Forum for Science, Industry and Business

Sponsored by:     3M 
Search our Site:

 

Steroids increase death risk from traumatic head injury

24.01.2005


The common use of anti-inflammatory steroids for traumatic head injuries like those from car crashes may actually increase the risk of death, according to a new review of studies about the treatment.1



A previous review found there was not enough evidence to recommend that routine use of steroids be stopped. This newer analysis published by the British-based Cochrane Library draws heavily from a recent study of corticosteroid treatment for brain injury, including coma and concussion, that included 10,008 patients, more than all similar studies combined.

The large study found that patients treated with corticosteroids were 18 percent more likely to die from their brain injury than those who did not take the drugs. Among the patients who received steroid treatment, 21 percent ,or 1,052 of the 4,985 treated, died, compared to 18 percent who received a placebo. "The significant increase in death with steroids found in this trial suggests that steroids should no longer be routinely used in people with traumatic head injury," says Dr. Phil Alderson, lead author of the Cochrane study.


The review appears in the January issue of The Cochrane Library, a publication of the Cochrane Collaboration, an international organization that evaluates medical research. Systematic reviews draw evidence-based conclusions about medical practice after considering both the content and quality of existing medical trials on a topic.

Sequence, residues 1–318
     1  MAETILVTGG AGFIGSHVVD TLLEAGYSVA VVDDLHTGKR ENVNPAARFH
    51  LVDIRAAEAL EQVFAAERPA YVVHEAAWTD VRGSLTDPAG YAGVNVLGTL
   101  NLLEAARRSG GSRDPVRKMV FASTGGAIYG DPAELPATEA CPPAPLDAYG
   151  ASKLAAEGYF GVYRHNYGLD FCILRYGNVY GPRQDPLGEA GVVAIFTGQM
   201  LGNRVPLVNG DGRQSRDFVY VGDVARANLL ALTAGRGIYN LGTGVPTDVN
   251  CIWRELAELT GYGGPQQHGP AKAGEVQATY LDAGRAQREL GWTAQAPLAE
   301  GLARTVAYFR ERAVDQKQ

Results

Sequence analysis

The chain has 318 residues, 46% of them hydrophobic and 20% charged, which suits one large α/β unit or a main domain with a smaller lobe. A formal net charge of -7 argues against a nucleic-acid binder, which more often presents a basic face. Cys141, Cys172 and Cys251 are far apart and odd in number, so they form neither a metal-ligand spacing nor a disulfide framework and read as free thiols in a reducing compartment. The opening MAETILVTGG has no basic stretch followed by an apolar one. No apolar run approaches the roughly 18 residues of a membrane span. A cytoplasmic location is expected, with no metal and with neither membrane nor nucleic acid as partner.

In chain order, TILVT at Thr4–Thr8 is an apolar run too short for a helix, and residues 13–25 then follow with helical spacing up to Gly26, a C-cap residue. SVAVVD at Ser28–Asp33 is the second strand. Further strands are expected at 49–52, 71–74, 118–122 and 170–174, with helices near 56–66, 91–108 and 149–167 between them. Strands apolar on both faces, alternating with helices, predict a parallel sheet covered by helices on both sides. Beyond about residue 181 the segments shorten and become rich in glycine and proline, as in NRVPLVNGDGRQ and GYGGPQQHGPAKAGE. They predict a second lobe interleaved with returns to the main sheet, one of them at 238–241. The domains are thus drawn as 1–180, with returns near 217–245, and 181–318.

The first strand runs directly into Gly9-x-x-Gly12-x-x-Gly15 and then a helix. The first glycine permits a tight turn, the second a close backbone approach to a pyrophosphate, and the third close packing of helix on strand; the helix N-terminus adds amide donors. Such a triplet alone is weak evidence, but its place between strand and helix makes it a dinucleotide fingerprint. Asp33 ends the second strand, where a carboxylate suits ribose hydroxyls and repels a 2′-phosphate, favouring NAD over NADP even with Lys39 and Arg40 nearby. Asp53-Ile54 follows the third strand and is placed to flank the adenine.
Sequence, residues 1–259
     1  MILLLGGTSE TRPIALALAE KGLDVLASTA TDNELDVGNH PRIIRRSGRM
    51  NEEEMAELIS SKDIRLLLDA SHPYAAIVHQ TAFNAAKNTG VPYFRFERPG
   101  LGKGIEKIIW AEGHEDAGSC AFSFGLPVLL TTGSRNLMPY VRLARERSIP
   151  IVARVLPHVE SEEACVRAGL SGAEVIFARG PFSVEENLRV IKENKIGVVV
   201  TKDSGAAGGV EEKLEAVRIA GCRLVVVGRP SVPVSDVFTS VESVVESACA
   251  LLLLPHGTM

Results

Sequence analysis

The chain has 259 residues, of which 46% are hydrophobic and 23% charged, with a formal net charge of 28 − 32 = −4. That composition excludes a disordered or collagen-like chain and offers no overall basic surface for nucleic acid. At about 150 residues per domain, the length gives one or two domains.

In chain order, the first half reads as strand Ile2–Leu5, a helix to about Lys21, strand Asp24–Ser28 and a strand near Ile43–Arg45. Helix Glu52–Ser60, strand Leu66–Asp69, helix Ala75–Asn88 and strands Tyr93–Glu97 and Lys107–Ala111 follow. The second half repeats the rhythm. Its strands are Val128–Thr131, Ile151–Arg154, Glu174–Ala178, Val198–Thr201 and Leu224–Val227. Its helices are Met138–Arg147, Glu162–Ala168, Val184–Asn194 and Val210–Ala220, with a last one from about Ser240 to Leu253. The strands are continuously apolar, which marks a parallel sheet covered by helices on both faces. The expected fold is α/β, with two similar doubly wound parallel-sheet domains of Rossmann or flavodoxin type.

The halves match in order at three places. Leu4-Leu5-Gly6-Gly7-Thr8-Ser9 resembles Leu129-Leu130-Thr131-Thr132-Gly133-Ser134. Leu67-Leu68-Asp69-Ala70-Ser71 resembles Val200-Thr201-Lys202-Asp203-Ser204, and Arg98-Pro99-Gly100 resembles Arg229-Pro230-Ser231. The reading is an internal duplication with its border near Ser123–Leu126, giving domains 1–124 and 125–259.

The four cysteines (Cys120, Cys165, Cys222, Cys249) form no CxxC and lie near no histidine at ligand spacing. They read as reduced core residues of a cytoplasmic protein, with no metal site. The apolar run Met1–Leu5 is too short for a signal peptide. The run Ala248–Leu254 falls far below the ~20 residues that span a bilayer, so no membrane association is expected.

Corticosteroids are anti-inflammatory hormones used to treat all kinds of inflammation, from joint injury to asthma. They differ from anabolic steroids, the sex hormones like androgen, which are typically used to increase muscle mass and improve athletic performance. Corticosteroids are "widely used in medicine to treat inflammation," Alderson explains. "It is thought that some of the damage after a brain injury results from inflammation following the initial injury and that reducing inflammation might reduce this secondary injury."

In the case of severe head injuries, the inflammation leads to swelling of the brain and its surrounding tissues, which in turns creates pressure in the skull that may lead to complications or death.

The 17 studies on steroid use and the risk of death examined by Alderson and colleagues included a total of 12,083 patients of all ages with clinically diagnosed traumatic brain injury, some of whom received steroid treatment within seven days of their injury.